Writers, Leah Moore and John Reppion; artists, Aaron Campbell, Colton Worley and Dheeraj Verma; colorist, Malti Verma; letterer, Simon Bowland; editor, Joseph Rybandt; publisher, Dynamite Entertainment.

The Complete Dracula 2 (July 2009)


So, I guess I hadn’t realized how important Aaron Campbell’s layout contributions are to this series. There’s an example in the back of the comic and it’s clear he’s significant.

The Dracula novel, with the diary entries, the letters, the clippings, is sort of a multimedia (for the late nineteenth century) piece, and this adaptation fully realizes the potential, now incorporating visuals.

Not all the visuals work, however, especially here. There’s a lot of photoshopping going on, a lot of clearly blurred images, a lot of photographic backgrounds with a minimal amount of “painting” over. There moments distract, since Worley’s paintings are usually quite good, even if Mina doesn’t look the same panel to panel (one can’t tell if she’s supposed to be attractive, for example).

The comic’s so successful adapting the novel’s diary entries and letters, actual dialogue comes as a shock, like it doesn’t belong here at all.


Writers, Leah Moore and John Reppion; artists, Aaron Campbell and Colton Worley; colorist, Worley; letterer, Simon Bowland; editor, Joseph Rybandt; publisher, Dynamite Entertainment.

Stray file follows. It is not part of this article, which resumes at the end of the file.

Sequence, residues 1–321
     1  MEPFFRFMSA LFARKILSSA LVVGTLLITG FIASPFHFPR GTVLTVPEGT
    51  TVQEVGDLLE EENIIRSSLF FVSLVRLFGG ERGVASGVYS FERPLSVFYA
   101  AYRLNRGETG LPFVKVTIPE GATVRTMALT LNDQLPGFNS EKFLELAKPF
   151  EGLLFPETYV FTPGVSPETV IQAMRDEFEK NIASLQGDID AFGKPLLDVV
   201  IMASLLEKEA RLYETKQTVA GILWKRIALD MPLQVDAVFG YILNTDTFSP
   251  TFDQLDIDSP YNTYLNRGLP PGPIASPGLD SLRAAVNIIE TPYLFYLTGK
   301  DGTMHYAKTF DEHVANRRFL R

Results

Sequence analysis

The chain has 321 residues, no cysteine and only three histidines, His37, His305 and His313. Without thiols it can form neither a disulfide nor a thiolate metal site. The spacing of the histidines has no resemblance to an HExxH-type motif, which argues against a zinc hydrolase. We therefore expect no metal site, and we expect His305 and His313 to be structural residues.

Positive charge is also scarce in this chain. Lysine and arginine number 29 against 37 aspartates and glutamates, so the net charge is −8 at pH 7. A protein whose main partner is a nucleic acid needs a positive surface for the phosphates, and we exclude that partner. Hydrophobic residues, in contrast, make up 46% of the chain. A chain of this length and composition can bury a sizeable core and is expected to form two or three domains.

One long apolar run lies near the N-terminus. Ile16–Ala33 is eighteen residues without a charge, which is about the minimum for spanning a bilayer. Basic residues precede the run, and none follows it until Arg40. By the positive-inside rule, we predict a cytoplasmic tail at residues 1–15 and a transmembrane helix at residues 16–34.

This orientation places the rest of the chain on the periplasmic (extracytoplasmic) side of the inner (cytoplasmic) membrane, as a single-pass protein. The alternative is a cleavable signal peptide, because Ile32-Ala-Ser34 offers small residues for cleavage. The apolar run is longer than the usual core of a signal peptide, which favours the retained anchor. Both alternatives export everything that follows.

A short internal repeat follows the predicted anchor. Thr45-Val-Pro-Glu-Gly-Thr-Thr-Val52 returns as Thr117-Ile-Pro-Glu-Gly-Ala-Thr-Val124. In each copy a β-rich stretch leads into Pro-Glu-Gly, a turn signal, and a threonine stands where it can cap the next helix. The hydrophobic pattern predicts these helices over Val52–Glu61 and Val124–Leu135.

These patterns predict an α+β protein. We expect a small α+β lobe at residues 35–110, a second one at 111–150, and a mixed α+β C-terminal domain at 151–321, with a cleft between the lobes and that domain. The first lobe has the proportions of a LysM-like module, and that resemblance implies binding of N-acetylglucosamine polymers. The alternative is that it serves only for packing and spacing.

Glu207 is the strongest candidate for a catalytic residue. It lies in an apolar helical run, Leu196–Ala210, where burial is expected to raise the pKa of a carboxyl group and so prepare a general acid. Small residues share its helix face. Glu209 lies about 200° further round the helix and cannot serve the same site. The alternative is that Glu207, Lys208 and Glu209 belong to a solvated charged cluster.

The Complete Dracula 1 (May 2009)


No one told me Dracula was going to be a digitally painted comic. I usually avoid those. But I probably still would have picked this one and a good thing, because it’s not bad.

As a novel, Dracula, is complete garbage. It’s such garbage, it’s almost impossible to find a good adaptation of it, illustrated, filmed or otherwise. Stoker’s lack of basic writing competence being a major problem. Fruit of the poisonous tree and all.

Moore and Reppion combat it a little with a prologue, making Harker more of a protagonist. But, as usual, the Castle Dracula stuff gets old fast (they even reference a scene they didn’t adapt).

However, the Mina Murray stuff is nice, maybe because Worley paints all the panels like static paintings. He occasionally captures profound moments for Mina, which works.

I’m not sure where the comic’s going quality-wise, but it seems interesting at least.